Hello everyone. Today, we’ll start having a food adventure, beginning with one mystic and traditional dish from ancient China made from pork, a not-so-expensive and easy-to-find ingredient in many dishes internationally. You can make tasty food just with pork as the key ingredient. 

In Louisiana, we have “Smothered Pork Chops,” whereas “Fat Back” is popular in the Southern U.S. regions. In Chinese culture, we have “Dongpo pork.” Another name for the dish is “Su Dongpo,” a dish that you will see in any Chinese restaurant.

This tasty and mystic “Dongpo pork” comes with a great story behind it and surprises foodies as the pork belly melts in their mouths. Let’s begin by watching a short video.

Here, we can see the iridescent beauty of the dish from every angle when the chef pours the silky brown sauce on the pork. It may look oily at first, but the harmony of soft fiber and spices will blow your mind. 

We’ll keep you up with how to make the dish and the key points for the tasty and juicy pork later in the video.

For now, let’s get to know some facts about its origin. 

Everything has its own starting point and story. So does this dish. 

According to the official Chinese government website, “Dongpo Pork” was created by Su Dongpo, a famed Song Dynasty poet and gastronome. 

Chinese Food Wiki shared that Su Dongpo personally led the people to rescue the city dam when there was a flood. The process lasted 77 days.

Locals wanted to thank him with pork and local rice wine (Huang Jiu), but he refused and turned the gifts into delicious stewed pork. Su Dongpo then sent the gifts back to each family in the city. 

It is the origin of the name Dongpo pork.

According to legend, Su Dongpo braised the pork first, then added the yellow wine huangjiu to make red-braised pork before slowly stewing it on low heat.

From this story, we can see values such as kindness and generosity. The villagers showed their appreciation to Su Dongpo by giving him food. In response, Su Dongpo turned the ingredients into a greater gift and gave them back to locals, showing his kindness. 

How to make Dongpo pork?

Before cooking, you’ll need pork belly, ginger, crystal sugar, bean sauce, cooking wine, water, and red dates. 

First, remember to select a thick pork belly with tight muscles to reach a better flavor. Then, cut the meat into 1.5 inches square and use a cotton string to tie a parcel knot.

After that, heat the oil in a pan over medium heat before adding the pork belly and rind down. Fry till the oil from the fat comes out little. Then, put it away for later use.

Next, get a large Chinese frying pan and tile garlic sprouts on the bottom of the pan, place a tiny bamboo pat over to prevent the pork belly from burning too much and place the cooked pork belly on the pat.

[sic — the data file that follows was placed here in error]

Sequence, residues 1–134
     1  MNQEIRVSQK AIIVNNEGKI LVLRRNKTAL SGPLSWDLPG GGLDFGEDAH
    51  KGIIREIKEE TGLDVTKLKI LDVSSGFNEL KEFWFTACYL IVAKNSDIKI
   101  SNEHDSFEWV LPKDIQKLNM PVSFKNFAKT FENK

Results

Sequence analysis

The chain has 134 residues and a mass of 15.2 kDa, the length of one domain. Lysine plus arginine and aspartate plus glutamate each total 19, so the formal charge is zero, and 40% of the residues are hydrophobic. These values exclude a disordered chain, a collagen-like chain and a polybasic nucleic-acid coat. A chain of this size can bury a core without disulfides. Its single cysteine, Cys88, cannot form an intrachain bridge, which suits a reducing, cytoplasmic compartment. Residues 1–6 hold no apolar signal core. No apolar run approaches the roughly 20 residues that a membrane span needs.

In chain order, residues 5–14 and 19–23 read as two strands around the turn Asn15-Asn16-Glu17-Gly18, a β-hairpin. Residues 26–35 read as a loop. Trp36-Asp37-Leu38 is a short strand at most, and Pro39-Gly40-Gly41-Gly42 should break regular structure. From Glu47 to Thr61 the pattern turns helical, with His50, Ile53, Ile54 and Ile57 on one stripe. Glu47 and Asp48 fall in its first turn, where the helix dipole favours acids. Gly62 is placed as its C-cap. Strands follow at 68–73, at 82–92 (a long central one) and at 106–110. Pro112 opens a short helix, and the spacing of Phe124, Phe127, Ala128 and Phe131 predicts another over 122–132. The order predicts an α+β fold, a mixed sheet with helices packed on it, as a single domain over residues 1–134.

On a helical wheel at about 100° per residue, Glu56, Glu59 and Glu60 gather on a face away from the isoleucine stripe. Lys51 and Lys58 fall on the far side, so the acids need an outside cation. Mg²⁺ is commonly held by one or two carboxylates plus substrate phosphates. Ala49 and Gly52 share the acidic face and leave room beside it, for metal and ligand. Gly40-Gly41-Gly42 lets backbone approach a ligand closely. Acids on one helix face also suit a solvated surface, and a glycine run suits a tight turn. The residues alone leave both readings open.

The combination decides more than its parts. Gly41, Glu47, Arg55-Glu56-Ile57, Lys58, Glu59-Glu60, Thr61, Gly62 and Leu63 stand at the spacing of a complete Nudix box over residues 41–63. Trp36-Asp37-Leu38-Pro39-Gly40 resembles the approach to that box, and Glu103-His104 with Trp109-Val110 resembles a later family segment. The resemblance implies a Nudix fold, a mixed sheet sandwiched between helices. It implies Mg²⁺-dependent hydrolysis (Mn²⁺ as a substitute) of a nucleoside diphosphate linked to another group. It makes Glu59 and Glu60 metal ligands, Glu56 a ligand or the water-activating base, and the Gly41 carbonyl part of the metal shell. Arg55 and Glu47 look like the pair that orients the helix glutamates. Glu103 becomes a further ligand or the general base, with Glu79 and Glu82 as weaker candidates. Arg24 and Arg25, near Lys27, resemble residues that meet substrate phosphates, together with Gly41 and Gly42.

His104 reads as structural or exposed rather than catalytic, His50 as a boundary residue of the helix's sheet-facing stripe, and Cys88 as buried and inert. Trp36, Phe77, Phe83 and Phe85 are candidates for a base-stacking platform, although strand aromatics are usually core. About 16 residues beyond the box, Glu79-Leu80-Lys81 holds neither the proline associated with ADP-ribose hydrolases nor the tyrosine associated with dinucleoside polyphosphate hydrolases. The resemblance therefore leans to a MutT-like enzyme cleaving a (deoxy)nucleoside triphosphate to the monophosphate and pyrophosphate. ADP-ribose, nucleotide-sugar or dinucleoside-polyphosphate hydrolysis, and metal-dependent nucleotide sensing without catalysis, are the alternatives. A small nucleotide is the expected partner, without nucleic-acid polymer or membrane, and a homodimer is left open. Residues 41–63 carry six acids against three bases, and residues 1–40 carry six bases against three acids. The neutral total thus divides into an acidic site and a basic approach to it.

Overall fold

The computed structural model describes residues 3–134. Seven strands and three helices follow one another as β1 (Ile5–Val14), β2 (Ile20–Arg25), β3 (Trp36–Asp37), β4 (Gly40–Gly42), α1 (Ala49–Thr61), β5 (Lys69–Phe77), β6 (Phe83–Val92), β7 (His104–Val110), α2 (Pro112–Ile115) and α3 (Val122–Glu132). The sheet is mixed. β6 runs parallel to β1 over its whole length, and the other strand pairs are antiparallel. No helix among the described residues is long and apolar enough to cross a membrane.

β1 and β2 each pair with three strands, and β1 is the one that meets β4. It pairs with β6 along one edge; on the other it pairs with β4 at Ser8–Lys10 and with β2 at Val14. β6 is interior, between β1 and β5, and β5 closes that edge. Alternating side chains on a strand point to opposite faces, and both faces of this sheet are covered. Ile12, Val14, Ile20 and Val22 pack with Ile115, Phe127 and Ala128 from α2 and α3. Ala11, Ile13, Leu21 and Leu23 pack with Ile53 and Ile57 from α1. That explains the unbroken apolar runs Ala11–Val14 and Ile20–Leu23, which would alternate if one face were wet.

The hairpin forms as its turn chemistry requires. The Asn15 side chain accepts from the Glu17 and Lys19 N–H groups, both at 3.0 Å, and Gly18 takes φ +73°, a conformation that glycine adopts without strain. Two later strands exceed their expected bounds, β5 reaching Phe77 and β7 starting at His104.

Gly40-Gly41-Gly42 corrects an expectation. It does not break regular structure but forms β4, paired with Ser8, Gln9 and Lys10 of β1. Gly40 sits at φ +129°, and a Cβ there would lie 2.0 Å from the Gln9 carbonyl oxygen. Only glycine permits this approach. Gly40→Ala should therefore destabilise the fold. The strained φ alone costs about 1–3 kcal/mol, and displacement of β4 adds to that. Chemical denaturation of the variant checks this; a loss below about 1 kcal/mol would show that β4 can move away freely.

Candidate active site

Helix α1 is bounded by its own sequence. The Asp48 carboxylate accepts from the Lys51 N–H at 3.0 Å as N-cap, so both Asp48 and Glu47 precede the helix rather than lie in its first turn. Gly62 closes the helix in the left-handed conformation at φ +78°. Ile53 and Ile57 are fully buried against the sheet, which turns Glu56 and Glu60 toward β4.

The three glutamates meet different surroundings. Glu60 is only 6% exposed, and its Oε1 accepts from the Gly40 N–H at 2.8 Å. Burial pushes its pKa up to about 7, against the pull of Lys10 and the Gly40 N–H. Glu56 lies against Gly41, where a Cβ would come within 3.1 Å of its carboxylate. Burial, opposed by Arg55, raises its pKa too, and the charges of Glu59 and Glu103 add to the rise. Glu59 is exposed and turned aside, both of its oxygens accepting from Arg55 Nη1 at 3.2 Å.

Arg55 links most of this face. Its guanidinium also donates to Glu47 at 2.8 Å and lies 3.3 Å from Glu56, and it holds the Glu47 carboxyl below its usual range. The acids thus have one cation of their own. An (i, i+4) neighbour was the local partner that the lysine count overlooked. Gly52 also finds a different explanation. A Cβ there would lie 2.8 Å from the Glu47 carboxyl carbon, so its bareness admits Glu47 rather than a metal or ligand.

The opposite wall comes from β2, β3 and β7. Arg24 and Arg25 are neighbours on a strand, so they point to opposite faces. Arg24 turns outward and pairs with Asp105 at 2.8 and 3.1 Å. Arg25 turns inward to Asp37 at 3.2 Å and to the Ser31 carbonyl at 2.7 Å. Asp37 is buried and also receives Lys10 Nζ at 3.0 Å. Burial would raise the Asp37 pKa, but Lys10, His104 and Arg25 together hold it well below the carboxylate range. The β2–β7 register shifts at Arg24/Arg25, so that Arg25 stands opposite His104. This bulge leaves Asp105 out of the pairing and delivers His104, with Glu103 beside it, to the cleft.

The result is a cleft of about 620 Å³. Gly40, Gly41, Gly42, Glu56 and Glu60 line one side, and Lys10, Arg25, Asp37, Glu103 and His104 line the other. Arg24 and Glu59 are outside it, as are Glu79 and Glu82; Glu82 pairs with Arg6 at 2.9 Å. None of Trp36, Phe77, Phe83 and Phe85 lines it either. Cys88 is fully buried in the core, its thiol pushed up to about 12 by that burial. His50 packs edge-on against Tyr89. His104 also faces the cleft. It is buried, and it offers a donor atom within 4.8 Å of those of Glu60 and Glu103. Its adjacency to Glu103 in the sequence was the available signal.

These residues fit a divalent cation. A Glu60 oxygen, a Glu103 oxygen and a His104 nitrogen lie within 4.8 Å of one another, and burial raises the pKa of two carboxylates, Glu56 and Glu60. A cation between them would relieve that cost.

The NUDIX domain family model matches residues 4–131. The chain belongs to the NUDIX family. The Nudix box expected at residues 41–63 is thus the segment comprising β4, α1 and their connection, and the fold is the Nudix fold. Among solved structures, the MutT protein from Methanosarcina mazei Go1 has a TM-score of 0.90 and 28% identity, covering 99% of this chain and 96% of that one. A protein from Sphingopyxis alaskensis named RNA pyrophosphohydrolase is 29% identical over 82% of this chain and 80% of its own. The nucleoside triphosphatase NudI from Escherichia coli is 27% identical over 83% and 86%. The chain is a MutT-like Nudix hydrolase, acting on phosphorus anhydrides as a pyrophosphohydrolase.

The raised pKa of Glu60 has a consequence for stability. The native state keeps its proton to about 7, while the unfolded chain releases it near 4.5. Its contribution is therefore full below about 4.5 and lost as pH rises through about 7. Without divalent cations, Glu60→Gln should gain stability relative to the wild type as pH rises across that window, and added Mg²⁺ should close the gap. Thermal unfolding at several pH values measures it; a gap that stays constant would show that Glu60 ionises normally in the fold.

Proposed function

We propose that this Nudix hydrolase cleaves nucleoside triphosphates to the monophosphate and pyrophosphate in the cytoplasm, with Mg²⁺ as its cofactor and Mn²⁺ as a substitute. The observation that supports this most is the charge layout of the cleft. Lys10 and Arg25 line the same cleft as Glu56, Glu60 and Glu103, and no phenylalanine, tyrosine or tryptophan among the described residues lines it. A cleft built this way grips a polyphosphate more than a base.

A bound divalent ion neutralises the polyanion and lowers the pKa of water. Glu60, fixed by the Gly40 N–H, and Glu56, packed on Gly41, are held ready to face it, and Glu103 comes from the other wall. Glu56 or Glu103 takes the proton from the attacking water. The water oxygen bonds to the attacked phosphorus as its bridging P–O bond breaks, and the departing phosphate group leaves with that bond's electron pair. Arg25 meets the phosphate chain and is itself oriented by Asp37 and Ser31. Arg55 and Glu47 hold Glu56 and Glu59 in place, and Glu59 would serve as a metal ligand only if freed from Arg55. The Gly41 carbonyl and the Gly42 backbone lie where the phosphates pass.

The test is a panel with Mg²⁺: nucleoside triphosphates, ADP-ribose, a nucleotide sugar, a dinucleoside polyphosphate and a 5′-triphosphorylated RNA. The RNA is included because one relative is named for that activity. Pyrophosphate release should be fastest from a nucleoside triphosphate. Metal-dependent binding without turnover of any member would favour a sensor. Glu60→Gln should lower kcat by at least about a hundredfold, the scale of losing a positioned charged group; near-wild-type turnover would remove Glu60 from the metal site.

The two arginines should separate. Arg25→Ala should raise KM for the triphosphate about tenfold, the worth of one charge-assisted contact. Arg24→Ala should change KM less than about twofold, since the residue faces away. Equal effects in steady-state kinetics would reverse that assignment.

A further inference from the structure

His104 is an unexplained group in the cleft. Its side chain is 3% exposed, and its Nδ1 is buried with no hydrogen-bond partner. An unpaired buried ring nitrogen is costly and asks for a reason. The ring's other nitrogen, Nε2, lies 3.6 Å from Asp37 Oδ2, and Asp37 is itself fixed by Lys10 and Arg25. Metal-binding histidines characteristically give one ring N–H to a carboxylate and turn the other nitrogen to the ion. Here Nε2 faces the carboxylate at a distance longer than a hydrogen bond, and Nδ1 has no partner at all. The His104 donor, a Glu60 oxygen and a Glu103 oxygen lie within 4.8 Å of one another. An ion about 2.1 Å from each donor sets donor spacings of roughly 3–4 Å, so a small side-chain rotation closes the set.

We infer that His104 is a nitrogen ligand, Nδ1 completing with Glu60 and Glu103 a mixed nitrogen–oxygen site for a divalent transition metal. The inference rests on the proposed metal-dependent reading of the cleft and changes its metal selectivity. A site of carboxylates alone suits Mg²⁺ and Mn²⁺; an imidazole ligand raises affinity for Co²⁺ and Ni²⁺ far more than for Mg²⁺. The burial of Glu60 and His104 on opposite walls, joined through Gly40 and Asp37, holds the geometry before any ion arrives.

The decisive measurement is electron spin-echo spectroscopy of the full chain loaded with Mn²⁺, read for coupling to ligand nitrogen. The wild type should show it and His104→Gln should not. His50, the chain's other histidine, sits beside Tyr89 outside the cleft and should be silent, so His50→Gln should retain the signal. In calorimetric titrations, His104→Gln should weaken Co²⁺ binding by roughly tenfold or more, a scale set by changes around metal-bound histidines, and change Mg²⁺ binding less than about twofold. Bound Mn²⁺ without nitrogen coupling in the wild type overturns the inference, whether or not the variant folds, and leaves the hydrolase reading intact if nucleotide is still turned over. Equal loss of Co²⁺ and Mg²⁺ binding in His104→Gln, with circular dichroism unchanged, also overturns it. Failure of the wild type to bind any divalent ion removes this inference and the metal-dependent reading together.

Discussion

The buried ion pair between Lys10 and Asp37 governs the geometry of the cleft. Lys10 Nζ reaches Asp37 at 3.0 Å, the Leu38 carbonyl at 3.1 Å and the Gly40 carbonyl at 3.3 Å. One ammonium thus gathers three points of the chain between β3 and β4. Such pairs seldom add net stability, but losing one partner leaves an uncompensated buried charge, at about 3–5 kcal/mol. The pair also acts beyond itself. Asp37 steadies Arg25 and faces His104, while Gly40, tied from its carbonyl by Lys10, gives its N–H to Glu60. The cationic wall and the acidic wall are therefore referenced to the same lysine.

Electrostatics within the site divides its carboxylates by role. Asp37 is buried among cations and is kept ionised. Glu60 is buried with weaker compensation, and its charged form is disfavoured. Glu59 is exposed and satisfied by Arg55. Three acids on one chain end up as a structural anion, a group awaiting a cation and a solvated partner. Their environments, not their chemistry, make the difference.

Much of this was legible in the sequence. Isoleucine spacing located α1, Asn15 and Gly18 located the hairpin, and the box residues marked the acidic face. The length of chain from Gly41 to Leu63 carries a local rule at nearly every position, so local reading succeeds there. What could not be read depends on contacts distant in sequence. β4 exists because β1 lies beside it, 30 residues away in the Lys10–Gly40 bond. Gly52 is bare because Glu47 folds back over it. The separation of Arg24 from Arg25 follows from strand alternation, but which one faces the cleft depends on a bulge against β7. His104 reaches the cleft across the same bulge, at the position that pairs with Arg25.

Add a spoon of water to the pan, then melt the crystal sugar over medium heat until it turns into syrup. Then, add 2 tablespoons of bean sauce, 1 cup cooking wine, and 1 cup water. Finally, turn up the heat until the water boils, then reduce to medium and cook for 60 minutes.

What is the secret of such a tasty dish?

According to Tasteaseanfood, there are nine tips for making the perfect braised pork belly.

Remember to brown the skin to add flavor; use dry frying as a technique for adding flavor and golden browning.

An excellent way to get rid of the gamey flavor of the pork is to blanch the pork in water. 

Cut the pork into 4 cm square or smaller. If the pieces are too big, the interior will not be soft. It will not absorb the taste of the boiling liquid.

In addition, tie the pork chunks together with kitchen string to keep them from falling apart during the long cooking time.

You can use aromatics to enhance the flavor. The aromatics serve as a base for the pork, preventing it from clinging to the bottom. During the long hours of stewing, the pork will fully absorb the flavor of the spring onions and ginger.

Use only high-quality soy sauce. Because there are only six ingredients in this recipe, the quality of the soy sauce is critical.

Flip the pork pieces once. This is necessary since the stew’s liquid may not completely cover the meat. To achieve consistent cooking, flip the pork chunks once.

Make use of rock sugar. The taste of rock sugar is as pure as possible. If rock sugar is unavailable, white sugar can be used.

To simmer, use low heat. Light soy sauce can become bitter when cooked over high heat, leaving an unpleasant aftertaste in the pork.

A poem from Su Dongpo called “Ode to Pork” can help you memorize these tips. It can be translated as below,

“Pork in Huangzhou is plenty

there it costs utterly lowly

The rich detest it; the poor fluff it

Slow the fire, hold the water, it comes alive when the time is right”

Sign up to receive our latest news!

By submitting this form, I agree to the terms.